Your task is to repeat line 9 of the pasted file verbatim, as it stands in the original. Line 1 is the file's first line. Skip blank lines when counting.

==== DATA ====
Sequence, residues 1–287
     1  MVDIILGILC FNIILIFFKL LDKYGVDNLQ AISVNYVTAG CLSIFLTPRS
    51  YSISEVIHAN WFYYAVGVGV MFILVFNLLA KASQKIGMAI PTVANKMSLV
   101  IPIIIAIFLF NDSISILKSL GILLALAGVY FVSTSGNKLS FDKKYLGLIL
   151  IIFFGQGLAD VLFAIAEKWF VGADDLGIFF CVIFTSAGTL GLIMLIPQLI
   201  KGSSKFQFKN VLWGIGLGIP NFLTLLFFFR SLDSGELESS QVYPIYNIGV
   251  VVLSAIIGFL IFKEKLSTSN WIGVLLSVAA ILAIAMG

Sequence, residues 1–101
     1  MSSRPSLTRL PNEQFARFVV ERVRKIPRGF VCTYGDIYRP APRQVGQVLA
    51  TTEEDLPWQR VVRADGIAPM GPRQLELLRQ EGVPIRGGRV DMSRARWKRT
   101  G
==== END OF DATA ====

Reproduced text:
     1  MSSRPSLTRL PNEQFARFVV ERVRKIPRGF VCTYGDIYRP APRQVGQVLA